Economic Irony?

I spent a good amount of time studying economics before I moved to Birmingham to study theology. I was a pretty strong advocate of the modified classical/monetarist economics employed by the Federal Reserve under Chairman Greenspan and now Bernake. However, the more I have seen about the current economic crisis the more I am questioning those traditional models of economics.

According to the classical/monetarist model, the economy manages itself by money-flow. This is supply and demand at work- if more people demand a good, then more money flows to that market and the supply increases to match the demand. So the greatest way to encourage economic growth is to expand the amount of spending that is going on. This has to be carefully monitored though: we can’t just dump money into the system, all that will do is create inflation with little or no growth. To keep this balance, the Fed plays a back and forth game with the money supply by buying and selling bonds to the major banks, thus controlling how much money they have on hand to lend out.

Which is where the irony begins. Our managing of the economy has been based very largely on the credit industry. If inflation is getting out of hand, we try and cut back on the amount of loans banks make. If the economy is slowing down, we try to encourage them to make more loans. Our growth is sustained by credit.

What we seem to be realizing in the current economic crisis is that this pattern isn’t sustainable in the long-run. Our economy is now experiencing a huge credit bubble that has collapsed. The bubble was sustained not just by lots of housing loans, but by loans from bank to bank and credit agency to credit agency. Then, to make things really complicated, those loans were turned into securities and sold to other companies/agencies, who bought them using more loans. Now the bubble bursts. My company fails because others can’t pay back their loans, which means I can’t pay back my loans, which means another company can’t pay back theirs, and the cycle goes on. Since all this growth was based on money that no one actually had, the current collapse creates a massive domino effect in the order of a few hundred billion dollars!

This is ironic because the very thing that we have been relying on to sustain our economic growth is now the very thing that is causing a massive economic contraction.

Now, in a sense, that’s how a bubble usually works. An industry booms for a while, and then something goes awry and that industry collapses. What makes this especially interesting, though, is that its not just any industry. This is the industry which underwrites our whole economic system that is being shaken.

I see basically two options for the capitalist system: The first is the classical option- do nothing and hope the economy will fix itself. Given, however, the nature and the extent of this contraction, this will almost certainly result in a widespread, long-lasting depression that could lead to major social and political instabilities. Which might, in another twist of irony, bring us closer to the playing out of Marx’s predictions about the collapse of capitalist society than we have ever been.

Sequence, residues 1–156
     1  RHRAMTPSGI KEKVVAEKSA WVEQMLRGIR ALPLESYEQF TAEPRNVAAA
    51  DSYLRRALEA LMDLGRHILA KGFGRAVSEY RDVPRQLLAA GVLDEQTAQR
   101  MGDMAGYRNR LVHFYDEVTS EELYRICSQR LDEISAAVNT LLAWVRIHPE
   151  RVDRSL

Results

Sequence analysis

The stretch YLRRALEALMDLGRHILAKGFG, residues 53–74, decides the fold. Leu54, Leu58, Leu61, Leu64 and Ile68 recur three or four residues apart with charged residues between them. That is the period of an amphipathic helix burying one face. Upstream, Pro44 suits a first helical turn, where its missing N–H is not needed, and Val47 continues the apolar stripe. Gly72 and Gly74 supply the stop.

The second option is to try and salvage the economy through a bail-out (what we have been doing) similar to the New Deal. The difficulty is that in the long run this just perpetuates the problem. This problem exists because our economy is built on credit, which means it can’t absorb the shock of a market failure like the one we are currently experiencing. Dumping more money into the system to try and stimulate more growth is like using the medicine that made us sick to try and treat the symptoms. Even if it works in the short run, in the long-run we still have the same root problem: an economy built on credit with no shock-absorbers and no way to sustain growth without more credit.

The end result of this second option could be a falling back into the first. This is a kind of worst case-scenario: arriving at the point where we literally cannot do anymore to stimulate the economy, so we are forced to do nothing and let the economy run its (almost certainly disastrous) course. I don’t foresee that happening in the major Western nations anytime soon, but there are concerns it might happen (or already be happening) in developing nations.

A complete solution to our foundational economic problems is going to require some sort of radical change to the underlying structure of our economic system. I’m not sure how we get there (at least without it being a very painful transition), but we have to move away from a dependence on credit and adapt to a more long-term, sustainable system of economic growth. Which is not to say that we need to abolish credit as a means of economic expansion. Credit is important in a lot of ways. People generally buy a house or a car via credit. I (along with most other students I know) am at least partially financing my education through credit. However, what this economic crisis is showing is that we cannot depend on credit as a primary engine of economic growth, which may mean a fundamental change in the way we manage the economy. What that probably looks like is a much smaller economy on a whole and maybe much more simple life-styles. And for a lot of industries that simply cannot be sustained without credit (for instance, the medical industry), there may be a need for socialization.

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